If some of the topics discussed at 6Sight seem a bit esoteric, Alexis Gerard raises one other point in his online video: It’s only been 7 or 8 years since the first commercial camera phone hit the market. All you have to do is look at your iPhone to realize how quickly new imaging technologies can develop and reshape business opportunities.

The 6Sight Imaging Conference is organized by Future Image, PMA, and AIE, the Association of Imaging Executives.  Most of the content is geared toward executives of companies that develop imaging hardware and software. The more practical business opportunities and marketing implications of some of the emerging technologies discussed at the 6Sight conference are usually examined in more detail at sessions at the PMA and DIMA (Digital Imaging Marketing Association) Conferences held in the spring.  The 2010 DIMA Conference will be held Feb. 20-21 in Anaheim, CA, followed by the 2010 PMA Conference and Trade Show Feb. 21-23.

Wildlife Photographer Brian Hampton Shoots to Thrill

Some photographers like to go where the wild things are. They know that with a little patience and luck, they just might find themselves at the right place in the right time to take that one perfect shot—the shot that lets them capture wild animals for display in their homes. If you think about it, wildlife photography can be considered a much more humane form of big-game trophy hunting. Armed only with a high-quality camera and lenses, all a photographer takes from the “hunt” are some incredible photographs—and memories of adventures that few people ever get to experience.  

Many of Brian Hampton’s images decorate the lobby, hallways, and meeting rooms of the corporate headquarters of Cleo Communications, where Hampton is the CEO. Read more in LexJet’s In Focus newsletter Vol. 2, No. 11
Many of Brian Hampton’s images decorate the lobby, hallways, and meeting rooms of the corporate headquarters of Cleo Communications.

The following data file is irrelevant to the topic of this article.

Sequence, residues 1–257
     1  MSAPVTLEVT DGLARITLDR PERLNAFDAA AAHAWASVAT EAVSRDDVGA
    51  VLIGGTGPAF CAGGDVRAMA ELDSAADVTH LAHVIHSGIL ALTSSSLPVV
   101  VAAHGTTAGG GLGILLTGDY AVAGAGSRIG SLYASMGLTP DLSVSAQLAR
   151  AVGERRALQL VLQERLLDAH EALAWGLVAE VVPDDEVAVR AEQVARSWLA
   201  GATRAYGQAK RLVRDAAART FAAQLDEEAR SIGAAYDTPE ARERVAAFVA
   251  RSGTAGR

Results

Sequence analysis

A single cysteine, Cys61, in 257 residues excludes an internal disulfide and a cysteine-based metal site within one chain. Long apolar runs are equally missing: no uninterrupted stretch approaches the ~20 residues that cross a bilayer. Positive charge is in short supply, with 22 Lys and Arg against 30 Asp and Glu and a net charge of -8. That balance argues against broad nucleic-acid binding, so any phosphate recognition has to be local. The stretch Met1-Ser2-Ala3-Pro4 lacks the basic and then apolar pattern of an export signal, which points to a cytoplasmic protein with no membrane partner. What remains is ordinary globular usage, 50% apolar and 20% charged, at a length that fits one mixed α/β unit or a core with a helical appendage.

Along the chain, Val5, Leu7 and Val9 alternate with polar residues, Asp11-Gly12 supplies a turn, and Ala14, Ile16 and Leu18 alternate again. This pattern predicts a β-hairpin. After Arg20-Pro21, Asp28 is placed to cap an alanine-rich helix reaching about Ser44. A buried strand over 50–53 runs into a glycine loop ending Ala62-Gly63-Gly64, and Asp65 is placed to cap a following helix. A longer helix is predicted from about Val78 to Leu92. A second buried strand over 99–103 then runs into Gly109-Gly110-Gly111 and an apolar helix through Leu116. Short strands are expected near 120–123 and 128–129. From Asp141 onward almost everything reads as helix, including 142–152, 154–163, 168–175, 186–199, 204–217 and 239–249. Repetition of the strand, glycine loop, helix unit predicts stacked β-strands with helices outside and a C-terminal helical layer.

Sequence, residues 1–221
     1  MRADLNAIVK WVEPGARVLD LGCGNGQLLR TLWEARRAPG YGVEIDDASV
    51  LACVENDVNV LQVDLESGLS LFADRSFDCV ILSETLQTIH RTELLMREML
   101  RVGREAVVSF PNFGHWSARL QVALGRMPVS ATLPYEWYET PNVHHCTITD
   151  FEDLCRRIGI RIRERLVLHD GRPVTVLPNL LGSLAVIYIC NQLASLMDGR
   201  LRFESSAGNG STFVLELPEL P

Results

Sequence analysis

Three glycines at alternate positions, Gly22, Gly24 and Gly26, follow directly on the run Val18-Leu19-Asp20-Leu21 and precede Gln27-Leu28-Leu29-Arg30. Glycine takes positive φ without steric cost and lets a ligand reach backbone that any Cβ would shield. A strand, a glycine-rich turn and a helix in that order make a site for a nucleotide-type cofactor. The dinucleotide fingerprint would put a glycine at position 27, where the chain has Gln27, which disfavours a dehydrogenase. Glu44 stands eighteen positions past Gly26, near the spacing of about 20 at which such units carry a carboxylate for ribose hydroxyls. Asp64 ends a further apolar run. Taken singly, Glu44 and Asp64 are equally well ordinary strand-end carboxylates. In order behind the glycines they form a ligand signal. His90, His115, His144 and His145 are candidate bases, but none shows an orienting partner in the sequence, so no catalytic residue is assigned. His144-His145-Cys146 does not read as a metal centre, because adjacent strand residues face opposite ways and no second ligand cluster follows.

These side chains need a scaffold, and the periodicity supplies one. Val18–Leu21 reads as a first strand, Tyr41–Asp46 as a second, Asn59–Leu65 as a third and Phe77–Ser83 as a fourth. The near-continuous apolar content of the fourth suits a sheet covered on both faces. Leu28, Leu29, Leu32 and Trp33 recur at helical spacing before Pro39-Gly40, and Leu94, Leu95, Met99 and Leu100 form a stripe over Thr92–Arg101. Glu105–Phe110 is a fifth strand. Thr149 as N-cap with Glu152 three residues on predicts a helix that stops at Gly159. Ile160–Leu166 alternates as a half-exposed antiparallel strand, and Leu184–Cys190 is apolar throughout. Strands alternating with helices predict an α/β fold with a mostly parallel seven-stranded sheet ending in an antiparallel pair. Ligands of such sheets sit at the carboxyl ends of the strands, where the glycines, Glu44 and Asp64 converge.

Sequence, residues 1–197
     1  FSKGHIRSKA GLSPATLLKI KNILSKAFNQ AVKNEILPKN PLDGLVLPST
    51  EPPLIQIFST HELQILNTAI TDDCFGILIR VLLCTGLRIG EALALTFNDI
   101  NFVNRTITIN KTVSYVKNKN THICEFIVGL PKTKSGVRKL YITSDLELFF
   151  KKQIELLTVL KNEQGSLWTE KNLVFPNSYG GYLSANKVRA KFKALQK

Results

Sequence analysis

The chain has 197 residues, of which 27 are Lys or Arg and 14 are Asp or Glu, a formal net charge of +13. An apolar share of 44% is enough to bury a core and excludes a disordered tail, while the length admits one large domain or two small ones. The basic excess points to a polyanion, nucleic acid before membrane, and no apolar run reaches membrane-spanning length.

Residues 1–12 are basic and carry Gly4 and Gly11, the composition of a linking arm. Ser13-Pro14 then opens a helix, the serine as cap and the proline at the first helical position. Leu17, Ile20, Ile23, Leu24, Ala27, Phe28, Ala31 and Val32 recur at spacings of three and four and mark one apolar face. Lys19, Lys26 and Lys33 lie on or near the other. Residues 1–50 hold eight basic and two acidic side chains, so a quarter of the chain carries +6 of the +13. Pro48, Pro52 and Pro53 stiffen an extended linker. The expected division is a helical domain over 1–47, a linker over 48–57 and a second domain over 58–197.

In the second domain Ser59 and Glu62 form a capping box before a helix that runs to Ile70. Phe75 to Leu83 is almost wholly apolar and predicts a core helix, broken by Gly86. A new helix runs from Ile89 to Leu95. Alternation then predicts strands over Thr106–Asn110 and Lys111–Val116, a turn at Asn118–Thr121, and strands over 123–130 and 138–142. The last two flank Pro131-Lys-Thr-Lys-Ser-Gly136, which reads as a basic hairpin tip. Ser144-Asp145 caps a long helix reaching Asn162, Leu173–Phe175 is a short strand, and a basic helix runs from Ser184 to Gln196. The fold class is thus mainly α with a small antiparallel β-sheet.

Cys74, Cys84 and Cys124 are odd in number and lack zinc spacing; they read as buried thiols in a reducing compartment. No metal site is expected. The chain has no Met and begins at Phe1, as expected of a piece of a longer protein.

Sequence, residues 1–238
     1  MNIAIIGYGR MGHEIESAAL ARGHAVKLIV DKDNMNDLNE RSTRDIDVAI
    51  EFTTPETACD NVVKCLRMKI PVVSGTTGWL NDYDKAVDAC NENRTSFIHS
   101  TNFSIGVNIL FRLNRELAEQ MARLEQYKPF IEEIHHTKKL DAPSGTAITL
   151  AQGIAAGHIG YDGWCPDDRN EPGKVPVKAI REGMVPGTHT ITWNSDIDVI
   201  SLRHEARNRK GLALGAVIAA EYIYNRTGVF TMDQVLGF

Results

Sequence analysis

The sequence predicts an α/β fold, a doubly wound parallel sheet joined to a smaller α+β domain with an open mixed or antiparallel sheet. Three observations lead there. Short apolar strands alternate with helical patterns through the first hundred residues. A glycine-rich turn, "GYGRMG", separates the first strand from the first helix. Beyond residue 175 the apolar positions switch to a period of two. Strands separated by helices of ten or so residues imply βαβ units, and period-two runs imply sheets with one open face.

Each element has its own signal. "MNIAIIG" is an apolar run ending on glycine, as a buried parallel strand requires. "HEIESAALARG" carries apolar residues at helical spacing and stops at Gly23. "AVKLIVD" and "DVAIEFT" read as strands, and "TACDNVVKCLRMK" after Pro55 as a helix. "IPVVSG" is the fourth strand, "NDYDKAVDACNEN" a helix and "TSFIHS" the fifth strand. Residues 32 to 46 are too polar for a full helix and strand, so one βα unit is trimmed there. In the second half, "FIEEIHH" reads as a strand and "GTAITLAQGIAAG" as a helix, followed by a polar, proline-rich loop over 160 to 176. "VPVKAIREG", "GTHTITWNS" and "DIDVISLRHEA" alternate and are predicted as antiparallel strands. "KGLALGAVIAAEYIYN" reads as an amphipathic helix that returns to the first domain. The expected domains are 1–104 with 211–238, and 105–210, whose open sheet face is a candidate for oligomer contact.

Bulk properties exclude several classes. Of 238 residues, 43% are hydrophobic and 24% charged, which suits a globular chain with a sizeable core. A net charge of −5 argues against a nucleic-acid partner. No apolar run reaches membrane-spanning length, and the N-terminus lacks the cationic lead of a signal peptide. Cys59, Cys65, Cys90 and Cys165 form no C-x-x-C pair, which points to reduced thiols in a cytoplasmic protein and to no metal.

One wildlife photographer with a passion for shooting big animals is businessman Brian Hampton. He is currently CEO of Cleo Communications, a software firm in Rockford, IL. But over the past few years, Hampton has been devoting more and more of his time to photography—traveling with his wife to remote corners of the world to capture some of the most magnificent creates on the planet. His wife shares his enthusiasm for wildlife photography and shoots high-definition video.

When Brian returns to the States, he likes to share what he’s seen and experienced. So he prints his best photographs in such a big and detailed way that viewers can get a sense of what it must have been like to be there when each image was captured.

Hampton is a huge fan of Epson printers, and owns both a 44-in. Epson Stylus Pro 9900 and a 64-in. Stylus Pro 11880. He also owns a laminator that he uses to mount his prints for framing. 

His prints have been displayed in the corporate headquarters of Cleo Communications, in the homes of nature lovers, in a popular Italian restaurant, and in a special exhibition at the Smithsonian’s National Museum of Natural History in Washington, DC.

This last honor came about because of Hampton’s remarkable action photo of a lioness charging out of a river on its way to a kill.  The photo was named Grand Prize winner in the 2008 Nature’s Best Photography Windland Smith Rice International Awards.

Hampton captured the shot in Botswana’s Okavango Delta using a Canon EOS 1Ds Mark II with a full-frame sensor and a 600 mm lens using the AI Servo mode.

After the image was chosen as Grand Prize award-winner, the shot was published in Nature’s Best Photography magazine and as the shot of the day on both the AOL and MSN home pages.